An interesting article in The Economist addresses some of these issues as they apply to the United States, a country determined to avoid excess generosity. In fact, conservatives are once again attacking the current system as being too comfortable for the nonworking. The author of the article points out that it is difficult to either support or dispute this claim because the system is so complex.
It seems some sort of counseling must be required for a poor person to navigate such a system. It is conceivable that there are ways to game the system, but probably more ways to miss out on potential benefits with so many programs available.
One characteristic of welfare benefits in this type of system is that they are means tested on the basis of income. As a recipient’s income rises, benefits are withdrawn. This is a crucial part of any functional approach. If benefits are too lavish as income rises, there might be little incentive to take a low paying job instead of continuing to live off of welfare payments. If the benefits are withdrawn too quickly, a person could see little benefit to accepting work and might even be worse off, considering the new costs associated with working outside the home.
The Congressional Budget Office (CBO) found an excellent means of illustrating this issue. It tracked the manner in which benefits would change for a single mother with one child in a typical state (Pennsylvania) as her income increased. The CBO chose to represent this progression as an equivalent marginal tax rate.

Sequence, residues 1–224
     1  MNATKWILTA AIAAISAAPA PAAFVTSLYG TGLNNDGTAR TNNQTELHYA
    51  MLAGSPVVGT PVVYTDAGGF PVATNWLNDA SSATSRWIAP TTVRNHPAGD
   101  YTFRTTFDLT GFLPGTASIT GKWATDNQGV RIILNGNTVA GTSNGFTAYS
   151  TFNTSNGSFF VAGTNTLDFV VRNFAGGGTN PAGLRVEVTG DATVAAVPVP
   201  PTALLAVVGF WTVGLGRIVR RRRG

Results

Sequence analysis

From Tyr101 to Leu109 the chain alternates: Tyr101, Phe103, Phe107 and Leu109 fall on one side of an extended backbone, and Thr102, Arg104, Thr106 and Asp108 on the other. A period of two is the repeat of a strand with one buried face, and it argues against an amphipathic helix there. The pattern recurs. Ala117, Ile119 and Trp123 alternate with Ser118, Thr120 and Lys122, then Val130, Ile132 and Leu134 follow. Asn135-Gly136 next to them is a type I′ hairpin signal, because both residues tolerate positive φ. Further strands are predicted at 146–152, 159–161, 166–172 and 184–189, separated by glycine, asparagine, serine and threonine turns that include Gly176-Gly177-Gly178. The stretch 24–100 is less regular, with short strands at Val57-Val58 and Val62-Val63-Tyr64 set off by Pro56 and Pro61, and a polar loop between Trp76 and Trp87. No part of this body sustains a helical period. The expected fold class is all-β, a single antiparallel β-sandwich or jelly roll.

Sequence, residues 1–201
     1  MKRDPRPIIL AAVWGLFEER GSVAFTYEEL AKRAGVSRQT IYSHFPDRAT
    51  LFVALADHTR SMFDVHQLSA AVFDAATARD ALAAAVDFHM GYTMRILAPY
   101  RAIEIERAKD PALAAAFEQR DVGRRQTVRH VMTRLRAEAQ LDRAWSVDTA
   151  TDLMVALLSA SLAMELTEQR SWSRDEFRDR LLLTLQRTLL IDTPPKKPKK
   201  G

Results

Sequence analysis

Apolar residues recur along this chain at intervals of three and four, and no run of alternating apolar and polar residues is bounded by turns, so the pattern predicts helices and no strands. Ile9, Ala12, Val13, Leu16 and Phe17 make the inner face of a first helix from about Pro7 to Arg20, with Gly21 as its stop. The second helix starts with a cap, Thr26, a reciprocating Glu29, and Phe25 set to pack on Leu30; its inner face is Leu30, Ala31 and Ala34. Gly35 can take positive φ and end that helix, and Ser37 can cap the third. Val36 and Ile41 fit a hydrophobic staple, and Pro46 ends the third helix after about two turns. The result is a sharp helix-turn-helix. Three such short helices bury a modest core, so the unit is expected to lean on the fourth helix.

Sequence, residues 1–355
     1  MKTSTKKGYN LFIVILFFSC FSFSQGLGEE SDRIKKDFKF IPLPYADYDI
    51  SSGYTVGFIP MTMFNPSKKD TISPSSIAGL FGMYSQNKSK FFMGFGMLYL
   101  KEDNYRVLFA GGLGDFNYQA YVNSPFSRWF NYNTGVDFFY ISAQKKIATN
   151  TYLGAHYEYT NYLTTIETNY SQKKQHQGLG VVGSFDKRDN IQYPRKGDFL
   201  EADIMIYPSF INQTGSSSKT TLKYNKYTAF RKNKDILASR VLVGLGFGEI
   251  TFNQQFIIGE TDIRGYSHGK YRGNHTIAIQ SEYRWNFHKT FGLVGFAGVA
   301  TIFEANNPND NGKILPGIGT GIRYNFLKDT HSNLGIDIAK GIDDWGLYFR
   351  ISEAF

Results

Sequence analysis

The mother is, in effect, treading water economically as her income rises because the withdrawal of benefits consumes most of the increase in income as the equivalent marginal tax rates go as high as 95%. A welfare recipient who only has work available at or near the minimum wage of $7.25 will see little if any benefit from working.
One should recall all the arguments about multimillionaires being disincentivized by that "outrageous" 40% marginal tax rate.
The real issue for both conservatives and liberals is having a path whereby people receiving benefits can obtain paying work that will allow them to survive without government benefits. The current system does not do that well. How might this approach be improved?
Given the existing complexity, and the difficulty in getting even common sense laws passed, it is not clear that there is a path forward from within the welfare system itself. Arguments over program details and benefit levels could go on indefinitely.
A more fundamental issue seems to be the mismatch between the income required to escape poverty, and the income available from minimum wage jobs. The best way to create an incentive for people to seek work as an alternative to welfare is by making work financially advantageous.
If the major path for exiting welfare is to assume a job at or near the minimum wage of $7.25, it feels to a welfare recipient as if they are working for free. The problem is not that benefits might be too high; it is that wages are too low.
Those who argue that the minimum wage should be raised are correct. A value in the $12-15 range could produce a much better economy, a much more stable workforce, and eliminate a lot of welfare expenses.
Let’s go for it!